When the first lockdown of covid19 occurred, I felt a surge of inspiration and saw it as a very special opportunity to produce a powerful storyline based on domestic abuse. The film was not entirely fictional as it was stemmed from my Mother’s personal experience with abuse. The film hit close to home for a lot of people across the world. This came to a big surprise to me as I did not expect the high level of responses the film received and seemed to have become my breakthrough film where I was able to make a positive impact on people.

None of us are able to achieve success without some help along the way. Is there a particular person who you are grateful towards who helped get you to where you are?

My Mother is the number one person who has helped me from day one and shown so much encouragement to my dreams of wanting to pursue the film industry. I think this is because my Mother grew up as a child model and performed as a country singer, so I have a parent who understands the creative field that I want to be in.

In regard to ‘Behind Closed Doors’, I would not have been able to successfully produce the film without the talented cast and crew who made it all possible, and also my Mother who allowed me to put her story to positive use where it helped other victims of abuse.

It must not have been easy to ignore all the naysayers. Did you have any experiences growing up that have contributed to building your resiliency?

Despite being constantly put down in life, I have never been able to shake off the creative side of myself as expressing artistic vision has always been my passion. I believe it is something that is within you, and if you truly want something then you will work hard to achieve it.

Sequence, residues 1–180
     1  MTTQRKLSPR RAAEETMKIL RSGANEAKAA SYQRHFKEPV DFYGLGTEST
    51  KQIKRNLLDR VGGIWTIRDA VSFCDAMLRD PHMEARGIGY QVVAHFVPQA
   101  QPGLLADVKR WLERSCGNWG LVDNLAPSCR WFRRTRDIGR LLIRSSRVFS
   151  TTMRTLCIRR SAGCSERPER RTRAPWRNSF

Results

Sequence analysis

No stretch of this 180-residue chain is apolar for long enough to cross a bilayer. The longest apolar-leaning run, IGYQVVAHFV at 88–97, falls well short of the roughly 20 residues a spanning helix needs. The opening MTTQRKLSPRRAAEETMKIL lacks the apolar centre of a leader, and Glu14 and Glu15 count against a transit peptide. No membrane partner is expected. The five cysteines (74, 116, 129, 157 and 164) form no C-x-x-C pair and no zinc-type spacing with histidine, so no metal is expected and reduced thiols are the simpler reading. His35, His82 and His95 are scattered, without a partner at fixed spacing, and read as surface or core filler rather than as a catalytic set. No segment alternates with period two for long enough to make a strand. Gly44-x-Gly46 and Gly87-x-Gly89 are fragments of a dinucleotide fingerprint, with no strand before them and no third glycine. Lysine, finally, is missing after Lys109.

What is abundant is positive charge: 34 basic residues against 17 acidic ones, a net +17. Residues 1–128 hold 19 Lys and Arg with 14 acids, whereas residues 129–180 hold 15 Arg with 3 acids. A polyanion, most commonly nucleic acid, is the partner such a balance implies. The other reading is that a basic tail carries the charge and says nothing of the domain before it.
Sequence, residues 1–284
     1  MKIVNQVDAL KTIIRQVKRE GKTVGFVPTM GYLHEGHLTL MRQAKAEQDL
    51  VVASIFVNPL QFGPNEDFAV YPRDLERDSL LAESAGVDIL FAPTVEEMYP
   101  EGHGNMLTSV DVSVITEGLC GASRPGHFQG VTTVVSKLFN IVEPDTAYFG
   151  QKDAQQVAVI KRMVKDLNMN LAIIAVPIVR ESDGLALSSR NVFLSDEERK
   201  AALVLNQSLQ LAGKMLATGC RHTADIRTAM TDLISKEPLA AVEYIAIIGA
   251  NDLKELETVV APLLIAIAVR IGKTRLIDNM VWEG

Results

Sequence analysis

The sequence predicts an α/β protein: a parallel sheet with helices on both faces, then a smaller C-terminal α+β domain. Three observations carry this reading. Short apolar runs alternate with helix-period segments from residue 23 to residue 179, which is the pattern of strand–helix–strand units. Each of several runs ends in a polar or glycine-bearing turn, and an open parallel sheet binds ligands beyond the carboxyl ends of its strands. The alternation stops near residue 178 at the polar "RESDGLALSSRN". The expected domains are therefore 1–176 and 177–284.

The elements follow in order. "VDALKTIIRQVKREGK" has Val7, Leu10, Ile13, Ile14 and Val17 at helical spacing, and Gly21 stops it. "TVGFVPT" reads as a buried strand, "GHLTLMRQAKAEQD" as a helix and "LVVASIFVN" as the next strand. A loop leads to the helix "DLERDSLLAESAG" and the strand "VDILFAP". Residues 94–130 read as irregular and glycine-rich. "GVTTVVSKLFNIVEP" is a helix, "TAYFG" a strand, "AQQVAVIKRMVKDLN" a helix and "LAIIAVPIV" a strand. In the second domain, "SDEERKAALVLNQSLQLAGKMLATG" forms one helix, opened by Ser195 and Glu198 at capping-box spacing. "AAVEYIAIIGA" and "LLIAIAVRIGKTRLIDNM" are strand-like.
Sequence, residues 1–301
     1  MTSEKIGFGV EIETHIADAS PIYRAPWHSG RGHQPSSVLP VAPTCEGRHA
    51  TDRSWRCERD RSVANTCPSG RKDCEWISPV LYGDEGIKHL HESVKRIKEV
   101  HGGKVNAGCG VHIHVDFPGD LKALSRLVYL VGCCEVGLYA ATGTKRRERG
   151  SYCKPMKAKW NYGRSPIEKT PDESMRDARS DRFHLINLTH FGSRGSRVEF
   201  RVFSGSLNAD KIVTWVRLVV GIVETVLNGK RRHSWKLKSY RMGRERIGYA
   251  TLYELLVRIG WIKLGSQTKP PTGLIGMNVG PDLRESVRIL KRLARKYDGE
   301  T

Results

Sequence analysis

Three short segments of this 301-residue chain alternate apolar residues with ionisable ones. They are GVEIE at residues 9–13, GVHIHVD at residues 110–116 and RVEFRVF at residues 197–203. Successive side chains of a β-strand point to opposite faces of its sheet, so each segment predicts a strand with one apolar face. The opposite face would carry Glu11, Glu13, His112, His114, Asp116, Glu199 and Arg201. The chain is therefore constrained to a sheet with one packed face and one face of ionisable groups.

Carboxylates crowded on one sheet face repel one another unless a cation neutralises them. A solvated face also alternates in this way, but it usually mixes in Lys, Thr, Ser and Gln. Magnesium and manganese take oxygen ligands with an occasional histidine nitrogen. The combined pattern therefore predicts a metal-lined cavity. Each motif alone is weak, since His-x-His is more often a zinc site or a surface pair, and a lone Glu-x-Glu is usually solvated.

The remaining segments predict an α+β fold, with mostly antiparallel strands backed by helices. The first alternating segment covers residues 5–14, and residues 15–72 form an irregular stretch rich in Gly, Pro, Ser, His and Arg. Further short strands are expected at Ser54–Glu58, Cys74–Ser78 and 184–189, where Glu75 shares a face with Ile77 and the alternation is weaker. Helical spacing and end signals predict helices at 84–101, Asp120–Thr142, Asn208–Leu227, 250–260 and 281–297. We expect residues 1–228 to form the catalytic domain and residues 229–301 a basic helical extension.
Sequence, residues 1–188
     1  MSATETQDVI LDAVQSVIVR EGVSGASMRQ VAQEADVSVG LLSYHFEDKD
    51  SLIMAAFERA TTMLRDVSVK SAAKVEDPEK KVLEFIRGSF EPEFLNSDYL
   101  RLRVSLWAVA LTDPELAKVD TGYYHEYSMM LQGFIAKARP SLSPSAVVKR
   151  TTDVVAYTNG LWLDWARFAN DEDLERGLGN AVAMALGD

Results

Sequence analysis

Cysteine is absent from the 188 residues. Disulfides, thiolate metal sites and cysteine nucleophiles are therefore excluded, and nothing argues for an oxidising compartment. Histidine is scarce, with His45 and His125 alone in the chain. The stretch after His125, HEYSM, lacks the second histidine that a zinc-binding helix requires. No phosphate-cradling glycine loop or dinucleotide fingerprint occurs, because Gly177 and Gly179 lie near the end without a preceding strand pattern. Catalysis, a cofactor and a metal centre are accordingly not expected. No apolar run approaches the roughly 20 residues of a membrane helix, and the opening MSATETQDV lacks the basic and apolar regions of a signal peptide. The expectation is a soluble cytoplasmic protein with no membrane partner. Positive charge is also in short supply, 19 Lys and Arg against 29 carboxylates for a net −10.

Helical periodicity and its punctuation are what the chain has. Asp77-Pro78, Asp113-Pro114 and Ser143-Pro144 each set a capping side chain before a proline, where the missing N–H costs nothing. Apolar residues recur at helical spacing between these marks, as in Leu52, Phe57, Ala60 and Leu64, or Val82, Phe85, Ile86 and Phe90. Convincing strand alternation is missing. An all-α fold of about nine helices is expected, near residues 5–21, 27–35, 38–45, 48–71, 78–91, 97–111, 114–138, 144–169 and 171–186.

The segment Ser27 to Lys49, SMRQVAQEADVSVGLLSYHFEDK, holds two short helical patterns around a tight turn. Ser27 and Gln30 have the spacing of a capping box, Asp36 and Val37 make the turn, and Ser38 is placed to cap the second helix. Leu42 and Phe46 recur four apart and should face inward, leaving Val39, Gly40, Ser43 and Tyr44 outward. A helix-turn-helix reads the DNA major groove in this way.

I think the more I was put down as a kid by teachers, the more determined it made me as I wanted to prove them wrong.

Based on your experience, can you share 5 strategies that people can use to harness the sense of tenacity and do what naysayers think is impossible?

  1. Never let people’s opinion of you become your reality.
  2. Just remember; if you want something badly enough, you will work hard to get it. It may take a while, but eventually you will get there. Nothing is ever straight forward but the journey along the way is what makes it enjoyable.
  3. If you don’t like something, change it. If you can’t change it, change the way you think about it.
  4. Do what you can with what you have. There is always a way around something.
  5. Whoever is trying to bring you down, is someone who is already below you. That’s when you truly recognise people for what they are.

What is your favorite quote or personal philosophy that relates to the concept of resilience?

I can be changed by what happens to me, but I refuse to be reduced by it.

You are a person of great influence. If you could inspire a movement that would bring the most amount of good for the greatest number of people, what would that be? You never know what your idea can trigger.

I feel this is something I have already been able to do since the release of ‘Behind Closed Doors’. Being able to positively influence victims of abuse has been so heartwarming for me as a rising film director and has helped me prove to myself that I can make an impact on people using my creativity.

Writing storylines and scripts has become my way of expressing myself and how I see things in the world, which is a powerful way of looking at the process of filmmaking.

I plan to continue with my filmmaking and hopefully go on to produce more memorable films, which will help people in their own lives and find relevance within it.

Can our readers follow you on social media?

Of course!

You can reach me Instagram via: @kaitlyn_boxall

Kaitlyn Boxall’s Instagram link: https://www.instagram.com/kaitlyn_boxall/

Twitter: @kaitlyn_boxall

Kaitlyn Boxall’s Twitter link: https://twitter.com/kaitlyn_boxall

Facebook: @kaitlynboxallfilmdirector

Kaitlyn Boxall’s Facebook: https://www.facebook.com/kaitlynboxallfilmdirector

Thank you for these great stories. We wish you only continued success!